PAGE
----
But he said financial planners can help clients get to a realistic version of retirement, through honest conversations and the kind of questions they ask.

    He said: “That difference between what you’ll think you’ll do and what you do is absolutely crucial. Planners need to reveal what clients will actually do.”

    Fiona agreed questioning clients was important, and echoed a point made by Amyr that financial planners have to “ask the right questions, and then shut up and listen.”

    But she also said that in terms of the advice process itself, there’s more that can be done to make sure the right recommendations are made to get clients to happy, successful retirements.

    She said: “A lot of people, and I include my own firm in this, can from time to time get so focused on recording all the facts and figures. But that means it can be difficult to actively listen to the underlying parts of the conversation. We have to find ways of getting better at that.”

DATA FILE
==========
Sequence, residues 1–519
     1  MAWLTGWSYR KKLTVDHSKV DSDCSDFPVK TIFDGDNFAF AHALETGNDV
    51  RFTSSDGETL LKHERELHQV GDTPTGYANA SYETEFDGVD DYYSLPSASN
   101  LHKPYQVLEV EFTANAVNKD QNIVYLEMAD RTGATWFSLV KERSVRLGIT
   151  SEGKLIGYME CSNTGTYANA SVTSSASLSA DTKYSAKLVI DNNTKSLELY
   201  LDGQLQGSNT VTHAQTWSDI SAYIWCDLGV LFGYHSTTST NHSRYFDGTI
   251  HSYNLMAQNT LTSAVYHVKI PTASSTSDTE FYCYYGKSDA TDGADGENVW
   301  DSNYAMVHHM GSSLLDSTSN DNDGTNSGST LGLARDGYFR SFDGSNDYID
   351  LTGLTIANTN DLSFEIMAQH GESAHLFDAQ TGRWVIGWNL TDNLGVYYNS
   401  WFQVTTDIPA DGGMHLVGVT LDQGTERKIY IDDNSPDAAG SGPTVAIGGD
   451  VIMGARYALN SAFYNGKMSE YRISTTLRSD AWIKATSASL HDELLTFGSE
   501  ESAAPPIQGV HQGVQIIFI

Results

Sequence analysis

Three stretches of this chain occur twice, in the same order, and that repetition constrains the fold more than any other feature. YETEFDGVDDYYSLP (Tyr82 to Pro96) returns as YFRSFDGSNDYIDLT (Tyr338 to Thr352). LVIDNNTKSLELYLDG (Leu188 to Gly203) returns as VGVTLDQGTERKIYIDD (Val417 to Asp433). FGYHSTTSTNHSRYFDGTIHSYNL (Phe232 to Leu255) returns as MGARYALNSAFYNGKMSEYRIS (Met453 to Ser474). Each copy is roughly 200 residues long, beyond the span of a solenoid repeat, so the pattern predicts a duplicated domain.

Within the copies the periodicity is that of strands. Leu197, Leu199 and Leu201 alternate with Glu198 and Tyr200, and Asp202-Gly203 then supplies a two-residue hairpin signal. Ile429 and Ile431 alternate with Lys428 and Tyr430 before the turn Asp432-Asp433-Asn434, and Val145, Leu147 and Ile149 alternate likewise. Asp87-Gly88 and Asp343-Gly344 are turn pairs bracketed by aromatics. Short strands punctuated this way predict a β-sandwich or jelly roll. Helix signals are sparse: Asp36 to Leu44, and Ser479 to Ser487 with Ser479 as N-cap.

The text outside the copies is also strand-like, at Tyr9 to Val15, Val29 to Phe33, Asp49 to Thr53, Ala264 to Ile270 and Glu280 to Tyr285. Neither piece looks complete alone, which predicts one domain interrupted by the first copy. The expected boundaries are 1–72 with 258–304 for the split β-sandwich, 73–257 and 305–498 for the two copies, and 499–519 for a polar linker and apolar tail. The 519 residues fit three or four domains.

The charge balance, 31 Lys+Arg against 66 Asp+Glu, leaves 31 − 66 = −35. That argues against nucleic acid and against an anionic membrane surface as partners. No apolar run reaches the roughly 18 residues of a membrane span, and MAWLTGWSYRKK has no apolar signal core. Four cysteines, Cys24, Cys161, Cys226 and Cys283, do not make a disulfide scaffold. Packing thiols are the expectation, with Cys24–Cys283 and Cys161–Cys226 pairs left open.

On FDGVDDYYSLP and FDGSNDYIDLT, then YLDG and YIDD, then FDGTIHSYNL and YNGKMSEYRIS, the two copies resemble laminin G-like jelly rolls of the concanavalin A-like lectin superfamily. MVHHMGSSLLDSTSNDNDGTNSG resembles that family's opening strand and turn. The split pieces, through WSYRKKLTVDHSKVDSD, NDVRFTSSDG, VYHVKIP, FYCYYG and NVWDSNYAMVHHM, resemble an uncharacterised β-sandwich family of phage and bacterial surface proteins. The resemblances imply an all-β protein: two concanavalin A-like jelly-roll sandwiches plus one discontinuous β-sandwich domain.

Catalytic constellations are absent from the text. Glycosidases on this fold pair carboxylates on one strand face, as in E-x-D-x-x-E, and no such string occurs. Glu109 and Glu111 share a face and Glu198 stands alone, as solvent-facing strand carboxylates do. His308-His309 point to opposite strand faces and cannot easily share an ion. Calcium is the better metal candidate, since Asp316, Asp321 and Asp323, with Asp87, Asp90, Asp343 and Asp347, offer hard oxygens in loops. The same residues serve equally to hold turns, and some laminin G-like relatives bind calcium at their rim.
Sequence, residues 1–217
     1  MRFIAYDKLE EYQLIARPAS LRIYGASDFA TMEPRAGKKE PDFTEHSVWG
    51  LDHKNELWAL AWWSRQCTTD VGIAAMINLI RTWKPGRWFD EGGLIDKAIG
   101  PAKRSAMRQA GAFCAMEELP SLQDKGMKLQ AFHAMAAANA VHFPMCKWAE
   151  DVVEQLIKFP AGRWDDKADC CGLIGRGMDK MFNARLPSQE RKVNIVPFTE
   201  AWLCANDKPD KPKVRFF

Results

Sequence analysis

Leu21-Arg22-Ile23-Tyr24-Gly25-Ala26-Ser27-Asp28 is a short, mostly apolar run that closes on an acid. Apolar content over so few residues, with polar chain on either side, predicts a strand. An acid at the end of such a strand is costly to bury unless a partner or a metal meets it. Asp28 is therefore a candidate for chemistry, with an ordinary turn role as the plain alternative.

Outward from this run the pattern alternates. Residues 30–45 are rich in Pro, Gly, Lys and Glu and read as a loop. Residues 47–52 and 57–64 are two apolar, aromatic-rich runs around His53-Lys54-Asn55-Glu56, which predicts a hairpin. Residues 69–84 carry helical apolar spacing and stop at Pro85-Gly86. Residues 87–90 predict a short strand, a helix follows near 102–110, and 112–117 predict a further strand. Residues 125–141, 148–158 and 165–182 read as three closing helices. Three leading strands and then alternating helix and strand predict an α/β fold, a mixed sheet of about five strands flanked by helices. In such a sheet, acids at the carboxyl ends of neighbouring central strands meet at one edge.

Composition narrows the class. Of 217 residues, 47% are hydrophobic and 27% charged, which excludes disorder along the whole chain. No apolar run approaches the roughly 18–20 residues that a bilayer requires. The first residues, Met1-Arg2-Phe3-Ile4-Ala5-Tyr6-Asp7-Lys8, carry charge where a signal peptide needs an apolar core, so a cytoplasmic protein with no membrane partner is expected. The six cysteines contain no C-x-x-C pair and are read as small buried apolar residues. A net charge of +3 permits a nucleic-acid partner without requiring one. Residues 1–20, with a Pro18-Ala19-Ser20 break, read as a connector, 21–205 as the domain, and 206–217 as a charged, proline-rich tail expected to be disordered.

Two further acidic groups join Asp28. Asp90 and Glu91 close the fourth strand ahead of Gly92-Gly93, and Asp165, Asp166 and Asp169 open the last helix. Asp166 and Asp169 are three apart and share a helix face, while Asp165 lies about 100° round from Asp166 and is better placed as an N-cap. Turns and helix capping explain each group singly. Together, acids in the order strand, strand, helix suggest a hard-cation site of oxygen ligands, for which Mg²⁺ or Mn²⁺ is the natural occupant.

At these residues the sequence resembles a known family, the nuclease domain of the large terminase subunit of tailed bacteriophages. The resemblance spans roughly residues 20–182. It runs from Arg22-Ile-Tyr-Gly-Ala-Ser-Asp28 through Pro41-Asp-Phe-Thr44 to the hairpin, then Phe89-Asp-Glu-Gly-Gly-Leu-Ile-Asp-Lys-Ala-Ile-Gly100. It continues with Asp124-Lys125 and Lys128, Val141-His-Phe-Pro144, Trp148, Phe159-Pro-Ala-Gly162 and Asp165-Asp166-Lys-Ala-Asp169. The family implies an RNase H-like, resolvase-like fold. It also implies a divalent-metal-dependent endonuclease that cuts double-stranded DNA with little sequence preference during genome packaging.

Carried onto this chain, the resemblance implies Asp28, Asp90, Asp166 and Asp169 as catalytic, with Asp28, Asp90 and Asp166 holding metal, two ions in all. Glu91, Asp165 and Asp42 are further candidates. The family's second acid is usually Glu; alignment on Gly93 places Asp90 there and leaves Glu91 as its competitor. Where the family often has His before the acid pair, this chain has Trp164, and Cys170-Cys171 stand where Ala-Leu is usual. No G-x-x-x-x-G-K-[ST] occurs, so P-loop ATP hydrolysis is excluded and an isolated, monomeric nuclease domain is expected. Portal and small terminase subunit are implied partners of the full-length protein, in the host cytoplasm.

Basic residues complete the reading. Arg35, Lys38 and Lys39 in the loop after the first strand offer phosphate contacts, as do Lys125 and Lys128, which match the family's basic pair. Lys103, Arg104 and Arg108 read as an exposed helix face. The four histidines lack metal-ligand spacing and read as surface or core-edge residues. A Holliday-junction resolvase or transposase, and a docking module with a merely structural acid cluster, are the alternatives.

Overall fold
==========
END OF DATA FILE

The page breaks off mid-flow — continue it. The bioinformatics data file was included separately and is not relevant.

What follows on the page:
Fiona cited the example of call recording, which for Intelligent Pensions is about more than complying with Mifid II, but a way of understanding the nuance of a conversation. This allows the firm to pick up on those cues and give advice accordingly.

    She added: “Questioning is really important, but you’ve got to make sure that information is captured somewhere – and used properly.”

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    Attitudes to retirement are changing, as is the notion of retirement itself. Retirement might mean continuing to work in some capacity, or it might mean creating a new, as yet unfulfilled, aspect to your life.